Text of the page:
Urdu captures Russians’ heart

Ekaterina Akimushkina

Ekaterina Akimushkina  

Russians are floored by the eye-pleasing calligraphy and the sweet flow of the language

HYDERABAD: Urdu intoxicates. And the intoxication is spreading far and wide, tripping people from icy Siberia to the capital city of Moscow. The Russians are floored by the eye-pleasing calligraphy and the sweet flow of the language.

Ekaterina Akimushkina looks a complete Russian in appearance and demeanour but when she expresses herself in Urdu it is a delight to hear her speak.

“The credit goes to the richness of the language and its expressions dripping with sweetness,” says Akimushkina, who teaches Urdu at Moscow State University.

Keen interest

Currently on a tour to Hyderabad to collect Urdu study material for her students, she says students from different parts of Russia are evincing keen interest in learning Urdu as they want to know more about India. Indian films, of course, have contributed a lot generating interest about India and its languages.

Gulzar’s poetry

Gulzar’s poetry encompassing a canvass of human emotions in Urdu is more popular in Russia than India’s other achievements.

Of course, Hindi too is a sought-after subject. Several CDs and DVDs of Indian films are in great demand in Russia and they love the romantic songs and their picturisation, she says in chaste Urdu.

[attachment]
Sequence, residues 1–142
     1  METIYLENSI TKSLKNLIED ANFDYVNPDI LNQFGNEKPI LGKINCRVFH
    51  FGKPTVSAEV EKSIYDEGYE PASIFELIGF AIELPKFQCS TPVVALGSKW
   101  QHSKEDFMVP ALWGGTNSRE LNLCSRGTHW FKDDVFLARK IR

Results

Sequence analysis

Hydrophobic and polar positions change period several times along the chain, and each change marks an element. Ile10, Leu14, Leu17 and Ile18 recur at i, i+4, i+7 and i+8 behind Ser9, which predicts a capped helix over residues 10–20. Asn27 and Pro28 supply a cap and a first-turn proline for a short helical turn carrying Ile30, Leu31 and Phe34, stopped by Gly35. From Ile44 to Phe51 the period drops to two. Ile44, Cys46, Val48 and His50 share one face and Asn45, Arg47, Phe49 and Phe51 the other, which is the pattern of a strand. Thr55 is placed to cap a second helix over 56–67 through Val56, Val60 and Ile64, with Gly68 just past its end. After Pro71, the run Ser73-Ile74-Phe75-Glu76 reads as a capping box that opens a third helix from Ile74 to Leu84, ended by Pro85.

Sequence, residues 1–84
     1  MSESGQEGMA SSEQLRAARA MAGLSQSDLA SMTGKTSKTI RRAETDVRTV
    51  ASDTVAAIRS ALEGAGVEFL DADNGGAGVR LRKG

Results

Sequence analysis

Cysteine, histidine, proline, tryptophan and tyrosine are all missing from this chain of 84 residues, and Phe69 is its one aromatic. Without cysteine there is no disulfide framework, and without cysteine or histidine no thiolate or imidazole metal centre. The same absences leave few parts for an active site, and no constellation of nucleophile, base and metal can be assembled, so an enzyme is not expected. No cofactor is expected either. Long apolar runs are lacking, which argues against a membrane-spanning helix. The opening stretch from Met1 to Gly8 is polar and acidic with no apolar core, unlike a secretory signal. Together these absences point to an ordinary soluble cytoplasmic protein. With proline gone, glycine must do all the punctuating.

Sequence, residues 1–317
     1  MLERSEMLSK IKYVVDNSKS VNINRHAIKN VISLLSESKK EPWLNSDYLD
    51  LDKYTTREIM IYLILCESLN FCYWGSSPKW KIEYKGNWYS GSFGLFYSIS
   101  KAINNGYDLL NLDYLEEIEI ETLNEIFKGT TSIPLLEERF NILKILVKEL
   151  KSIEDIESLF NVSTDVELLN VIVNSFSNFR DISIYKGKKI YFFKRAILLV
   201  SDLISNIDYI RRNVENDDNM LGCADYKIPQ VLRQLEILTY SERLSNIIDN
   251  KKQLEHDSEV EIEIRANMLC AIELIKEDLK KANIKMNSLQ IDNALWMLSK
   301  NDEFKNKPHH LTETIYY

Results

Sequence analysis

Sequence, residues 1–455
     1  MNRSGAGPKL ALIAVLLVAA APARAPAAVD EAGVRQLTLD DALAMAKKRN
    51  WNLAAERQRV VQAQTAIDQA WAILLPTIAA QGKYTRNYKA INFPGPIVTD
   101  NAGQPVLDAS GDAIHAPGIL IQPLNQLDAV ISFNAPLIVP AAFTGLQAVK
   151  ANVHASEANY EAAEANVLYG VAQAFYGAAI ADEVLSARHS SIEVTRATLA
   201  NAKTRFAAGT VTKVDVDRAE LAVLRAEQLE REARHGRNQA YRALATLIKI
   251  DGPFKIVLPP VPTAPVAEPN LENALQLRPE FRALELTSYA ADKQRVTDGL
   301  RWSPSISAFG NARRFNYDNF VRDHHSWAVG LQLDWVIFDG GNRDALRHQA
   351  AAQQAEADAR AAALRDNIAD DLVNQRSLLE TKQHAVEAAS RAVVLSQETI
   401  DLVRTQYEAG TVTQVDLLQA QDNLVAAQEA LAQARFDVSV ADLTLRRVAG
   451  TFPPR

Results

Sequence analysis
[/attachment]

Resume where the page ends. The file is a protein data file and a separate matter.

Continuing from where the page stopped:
Akimushkina herself was a “victim” of the Indian attraction leading to her deep interest in Urdu.

“My mother worked at the Oriental Museum in Moscow and was a specialist in Indian miniature art. Stories about Indian culture and heritage drew me here,” says the lady who has been teaching Urdu for the past six years.

Apart from Urdu poetry, Sufism too has brought her closer to the language and she is especially mesmerised by the philosophical and romantic poetry of Mushafi, an 18th Century poet.

Among modern writers, she likes the short stories of Intizar Hussain, particularly ones that capture the partition of India, and Khuratullain Haider.

Authors book

Akimushkina, currently in English and Foreign Languages University (EFLU) has written a book devoted to the evolution of ‘Habsiyyat’, a Parsi term to describe prison poems.

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